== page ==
Almost 3,500 GMB Union ambulance workers across the South of England are expected to strike tomorrow when they will be joined by Unison colleagues

Paramedics, emergency care assistants, call handlers and other staff will stage pickets at many NHS Trusts. This is the second such strike after ambulance workers walked out at the end of last year.

Workers across the ambulance services and some NHS Trusts have voted to strike over the Government’s imposed 4 per cent pay award - which the unions claim is a 'massive real terms pay cut'. 

Rachel Harrison, GMB National Secretary, said:  'Ambulance workers across England and Wales will go on strike for the second time.

'GMB cancelled a planned strike over the Christmas period to say thank you to the public for their incredible support. 

'It also allowed time for the Government to talk to us about pay, but ministers have dithered and postured, wasting valuable time. 

'To end this dispute, GMB needs a concrete offer to help resolve the NHS’s crushing recruitment and retention crisis. 

'The public expects the Government to treat this dispute seriously – it's time they got on with it.'

Ambulance workers from West Devon joined a picket line today for their last one-day strike near Derriford Hospital in Plymouth, calling on the Government to take action over the large numbers of delays in ambulance response times.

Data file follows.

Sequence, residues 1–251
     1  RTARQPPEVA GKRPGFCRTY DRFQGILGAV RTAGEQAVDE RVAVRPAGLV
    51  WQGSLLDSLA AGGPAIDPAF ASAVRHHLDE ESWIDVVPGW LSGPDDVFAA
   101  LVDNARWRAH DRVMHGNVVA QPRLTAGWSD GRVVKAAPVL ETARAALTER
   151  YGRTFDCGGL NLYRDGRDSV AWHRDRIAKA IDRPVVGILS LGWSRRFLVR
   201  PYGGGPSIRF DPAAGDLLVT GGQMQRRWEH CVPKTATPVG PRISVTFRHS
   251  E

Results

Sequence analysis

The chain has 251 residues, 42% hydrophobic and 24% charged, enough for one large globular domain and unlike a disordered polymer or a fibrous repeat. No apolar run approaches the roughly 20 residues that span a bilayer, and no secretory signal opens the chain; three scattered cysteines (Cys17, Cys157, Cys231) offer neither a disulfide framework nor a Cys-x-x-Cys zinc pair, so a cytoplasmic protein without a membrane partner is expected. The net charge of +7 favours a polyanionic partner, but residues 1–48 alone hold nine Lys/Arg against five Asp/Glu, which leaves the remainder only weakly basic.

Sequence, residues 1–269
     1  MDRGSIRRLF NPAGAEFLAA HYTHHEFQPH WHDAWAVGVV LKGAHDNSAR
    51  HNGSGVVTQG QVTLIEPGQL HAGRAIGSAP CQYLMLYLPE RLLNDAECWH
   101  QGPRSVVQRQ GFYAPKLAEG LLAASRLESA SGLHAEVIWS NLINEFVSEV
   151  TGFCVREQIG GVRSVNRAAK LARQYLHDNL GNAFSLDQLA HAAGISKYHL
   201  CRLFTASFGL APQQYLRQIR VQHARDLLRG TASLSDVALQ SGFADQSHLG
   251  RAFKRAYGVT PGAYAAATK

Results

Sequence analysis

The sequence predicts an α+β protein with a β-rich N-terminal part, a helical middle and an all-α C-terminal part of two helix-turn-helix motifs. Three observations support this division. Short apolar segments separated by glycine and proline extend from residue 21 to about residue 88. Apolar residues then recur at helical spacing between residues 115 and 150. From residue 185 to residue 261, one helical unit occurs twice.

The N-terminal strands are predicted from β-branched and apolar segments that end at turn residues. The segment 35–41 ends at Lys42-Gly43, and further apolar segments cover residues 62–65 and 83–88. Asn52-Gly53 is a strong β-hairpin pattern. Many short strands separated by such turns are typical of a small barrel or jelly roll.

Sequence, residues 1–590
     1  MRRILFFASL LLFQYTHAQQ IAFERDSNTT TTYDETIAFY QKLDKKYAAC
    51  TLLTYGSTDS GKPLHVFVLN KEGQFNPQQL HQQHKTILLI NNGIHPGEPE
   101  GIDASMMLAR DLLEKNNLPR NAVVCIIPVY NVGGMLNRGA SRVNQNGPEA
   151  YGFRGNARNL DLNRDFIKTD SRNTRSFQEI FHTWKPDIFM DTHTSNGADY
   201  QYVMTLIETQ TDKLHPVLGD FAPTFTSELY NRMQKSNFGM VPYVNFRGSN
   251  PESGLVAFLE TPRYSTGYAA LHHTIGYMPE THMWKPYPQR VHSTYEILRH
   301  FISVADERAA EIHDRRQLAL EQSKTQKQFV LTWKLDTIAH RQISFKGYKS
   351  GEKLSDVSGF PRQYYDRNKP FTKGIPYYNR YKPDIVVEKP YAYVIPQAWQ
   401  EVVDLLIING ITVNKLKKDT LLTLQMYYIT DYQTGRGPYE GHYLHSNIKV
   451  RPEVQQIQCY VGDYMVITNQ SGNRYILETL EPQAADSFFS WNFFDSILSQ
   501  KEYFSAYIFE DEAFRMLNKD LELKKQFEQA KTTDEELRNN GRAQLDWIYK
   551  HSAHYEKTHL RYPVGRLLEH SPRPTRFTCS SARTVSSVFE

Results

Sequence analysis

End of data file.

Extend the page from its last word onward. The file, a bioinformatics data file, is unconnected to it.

Strikers said one in three paramedics have seen deaths due to delays in transferring patients to hospitals and that half of ambulance trusts have ambulance workers using food banks.

Tavistock paramedic Simon Young manned the last picket line and said at the time: 'This strike is less about pay and more about working conditions which mean we are having to act more as nurses than emergency acute response workers. We spend far too much time looking after acutely ill patients in ambulances waiting to transfer them to hospital. The situation has gone too far and is about mismanagement of the whole of the wider NHS and social care.'

NHS leaders have previously warned patient safety cannot be guaranteed due to the strikes, which include phone call handlers.

NHS hospital trusts have agreed protocols with ambulance trusts on strikers continuing to respond to life threatening situations. Striking crews did leave picket lines to attend critical incidents during the first strike.

South Western Ambulance Service has advised people to only call 999 if a patient is in a medical or mental health emergency (when seriously ill or injured and their life is at risk).